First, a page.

So you’ve hired an adult contemporary rock musician

If you’re in middle or senior management, and you’re reading this, then you can now relax: help, finally, is at hand. It’s odds on that you’ve discovered something about your workplace. Something scary, something terrible… something not quite right.

It might have been the mullet. It might have been the wardrobe. It might even have been the fake smile, perfect white teeth and that little glint in the eye. But you’ve discovered the horrible truth – you’ve hired an adult contemporary rock musician.

These musicians are known in the community as Boltons. You’ll know for sure that there’s a Bolton in your office when the following signs begin to appear. To being with, normal people will whisper about the Bolton, pointing to them surreptitiously and giving each other that look that says “I think that’s someone famous… no, really, it looks just like a guy I saw on MTV about 20 years ago.”

Then, the swooning will begin. It’ll start slowly, but once it takes hold, workflow through your business will grind to a halt, as most of the women and even some of the men you’ve long suspected of being a little light in the loafers will be spending most of their time suddenly clutching their breasts or foreheads, and sinking slowly to the floor.

A mistake anyone can make
Hiring a Bolton is a mistake that anyone can make, but once it’s made it’s extremely hard to reverse. You see, there’s very little in this world that will negatively effect a Bolton. Bribing them with sex doesn’t work, as most of middle America would gladly sleep with a Bolton, given half a chance. Threats and nasty insults don’t work either – they simply encourage the Bolton to “Feel the Unbearable Sadness”, and then write a song about it.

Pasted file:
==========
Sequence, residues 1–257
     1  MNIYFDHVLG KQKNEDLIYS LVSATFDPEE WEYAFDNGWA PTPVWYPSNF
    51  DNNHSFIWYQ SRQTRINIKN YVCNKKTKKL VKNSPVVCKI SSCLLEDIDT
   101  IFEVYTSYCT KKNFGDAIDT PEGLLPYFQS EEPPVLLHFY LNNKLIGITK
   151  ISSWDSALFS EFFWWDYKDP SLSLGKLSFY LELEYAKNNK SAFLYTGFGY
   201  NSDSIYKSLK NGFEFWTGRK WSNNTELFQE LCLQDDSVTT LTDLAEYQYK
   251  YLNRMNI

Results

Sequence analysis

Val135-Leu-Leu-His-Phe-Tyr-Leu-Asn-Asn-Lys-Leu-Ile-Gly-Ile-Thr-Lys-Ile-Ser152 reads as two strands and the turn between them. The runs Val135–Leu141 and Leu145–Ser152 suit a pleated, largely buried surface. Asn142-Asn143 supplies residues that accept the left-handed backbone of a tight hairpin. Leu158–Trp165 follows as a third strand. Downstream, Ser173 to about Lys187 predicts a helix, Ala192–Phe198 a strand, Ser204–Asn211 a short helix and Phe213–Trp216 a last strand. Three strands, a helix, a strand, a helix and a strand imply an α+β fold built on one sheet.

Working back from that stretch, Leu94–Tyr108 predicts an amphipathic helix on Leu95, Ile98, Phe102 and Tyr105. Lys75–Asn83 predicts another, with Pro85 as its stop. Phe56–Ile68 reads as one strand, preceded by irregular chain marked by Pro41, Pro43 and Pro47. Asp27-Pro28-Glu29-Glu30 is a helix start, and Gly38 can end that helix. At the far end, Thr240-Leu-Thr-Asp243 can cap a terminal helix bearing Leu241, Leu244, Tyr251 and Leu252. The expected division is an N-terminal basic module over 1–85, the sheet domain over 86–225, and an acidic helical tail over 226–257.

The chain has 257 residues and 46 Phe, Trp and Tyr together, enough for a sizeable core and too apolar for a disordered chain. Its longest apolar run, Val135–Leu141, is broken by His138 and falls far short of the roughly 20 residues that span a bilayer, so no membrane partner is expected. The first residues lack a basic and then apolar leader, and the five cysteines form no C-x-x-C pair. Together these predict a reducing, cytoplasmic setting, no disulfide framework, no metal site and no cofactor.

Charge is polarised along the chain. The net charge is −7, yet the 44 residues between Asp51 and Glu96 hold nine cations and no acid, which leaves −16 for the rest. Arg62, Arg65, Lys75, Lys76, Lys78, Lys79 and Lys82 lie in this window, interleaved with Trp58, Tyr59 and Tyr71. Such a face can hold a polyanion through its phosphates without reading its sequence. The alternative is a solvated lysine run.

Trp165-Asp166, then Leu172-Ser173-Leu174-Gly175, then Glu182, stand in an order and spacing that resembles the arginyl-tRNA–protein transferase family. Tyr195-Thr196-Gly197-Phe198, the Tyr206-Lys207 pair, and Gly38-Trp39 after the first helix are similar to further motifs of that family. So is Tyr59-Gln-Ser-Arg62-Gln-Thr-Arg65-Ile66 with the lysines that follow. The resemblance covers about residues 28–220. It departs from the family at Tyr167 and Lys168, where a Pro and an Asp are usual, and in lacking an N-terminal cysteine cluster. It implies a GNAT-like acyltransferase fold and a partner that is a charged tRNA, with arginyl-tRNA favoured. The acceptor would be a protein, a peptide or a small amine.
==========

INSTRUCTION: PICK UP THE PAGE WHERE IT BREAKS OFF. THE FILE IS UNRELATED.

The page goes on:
Perhaps the hardest thing to come to grips with in terms of the Boltons is the aura of incredible sexuality that they will ooze throughout the office. But the smoldering good looks and a fancy denim and rhinestone wardrobe hide several flaws, which can be targeted in order to render the Bolton powerless, like holy water on a vampire.

You’ll need to perform the following actions, in this order, to rid yourself of the Bolton permanently.

1. Replace all lights in the office with bulbs of at least 150 watts. This serves to show off the real, physical age of the Bolton – the gap between their stated age and actual age increases exponentially as the years go on. Eventually, when they’re sixty eight, the lie becomes so great that they mathematically can no longer exist, claiming instead to be –14 years of age.

2. Rig traps, baited with Grammy Awards, just out of reach of the upstairs window. No Bolton can resist a gleaming trophy, and it’s likely that they’ll take a terrible tumble from a massive height in their earnest quest for ‘recognition’. Which leads us to point three.

3. Ignore them. It’ll take some doing, as their sheer presence is often enough to turn even the crustiest, most vile and perennially single office manager to jelly. But ignore them you must, for they are like boogie-men: If you do not believe in them, they feel that they can no longer exist.

If that fails, a small measure of espionage may be in order. You’ll need to set up a fake PR agency in Europe (Germany is the most likely target), and send your Bolton an email that reads as follows: